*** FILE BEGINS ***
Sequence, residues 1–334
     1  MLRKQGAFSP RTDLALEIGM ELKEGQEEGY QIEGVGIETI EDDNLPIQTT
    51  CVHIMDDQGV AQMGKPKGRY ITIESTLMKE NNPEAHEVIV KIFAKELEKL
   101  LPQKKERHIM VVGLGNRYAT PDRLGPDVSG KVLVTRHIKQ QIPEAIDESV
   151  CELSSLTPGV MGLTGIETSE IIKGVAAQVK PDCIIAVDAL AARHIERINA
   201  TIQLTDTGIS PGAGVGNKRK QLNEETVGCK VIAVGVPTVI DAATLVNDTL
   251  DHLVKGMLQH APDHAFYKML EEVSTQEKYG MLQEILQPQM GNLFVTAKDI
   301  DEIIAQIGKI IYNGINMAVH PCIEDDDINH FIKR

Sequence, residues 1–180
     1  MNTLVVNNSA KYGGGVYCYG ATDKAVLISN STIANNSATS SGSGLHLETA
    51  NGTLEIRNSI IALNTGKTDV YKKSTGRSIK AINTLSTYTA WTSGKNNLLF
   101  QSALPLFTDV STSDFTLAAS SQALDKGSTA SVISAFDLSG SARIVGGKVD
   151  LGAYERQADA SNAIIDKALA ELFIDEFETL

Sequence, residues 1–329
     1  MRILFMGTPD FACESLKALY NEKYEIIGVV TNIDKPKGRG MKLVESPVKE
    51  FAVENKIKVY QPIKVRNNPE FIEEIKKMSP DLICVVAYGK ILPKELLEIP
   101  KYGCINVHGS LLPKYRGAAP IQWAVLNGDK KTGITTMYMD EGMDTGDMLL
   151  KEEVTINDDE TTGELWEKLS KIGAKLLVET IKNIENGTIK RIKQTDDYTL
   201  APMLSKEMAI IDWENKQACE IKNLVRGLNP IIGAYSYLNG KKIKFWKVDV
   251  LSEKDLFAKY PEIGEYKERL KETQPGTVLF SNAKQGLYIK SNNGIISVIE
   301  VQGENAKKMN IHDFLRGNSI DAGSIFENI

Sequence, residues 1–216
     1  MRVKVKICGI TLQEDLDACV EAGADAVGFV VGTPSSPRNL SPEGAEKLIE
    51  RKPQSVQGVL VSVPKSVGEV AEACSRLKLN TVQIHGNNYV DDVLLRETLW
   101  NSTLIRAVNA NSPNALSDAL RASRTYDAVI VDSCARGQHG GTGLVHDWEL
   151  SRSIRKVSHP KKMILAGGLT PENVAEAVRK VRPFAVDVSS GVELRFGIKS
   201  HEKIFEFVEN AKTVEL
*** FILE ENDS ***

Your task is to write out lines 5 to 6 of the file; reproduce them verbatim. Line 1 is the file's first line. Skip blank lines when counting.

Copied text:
   151  CELSSLTPGV MGLTGIETSE IIKGVAAQVK PDCIIAVDAL AARHIERINA
   201  TIQLTDTGIS PGAGVGNKRK QLNEETVGCK VIAVGVPTVI DAATLVNDTL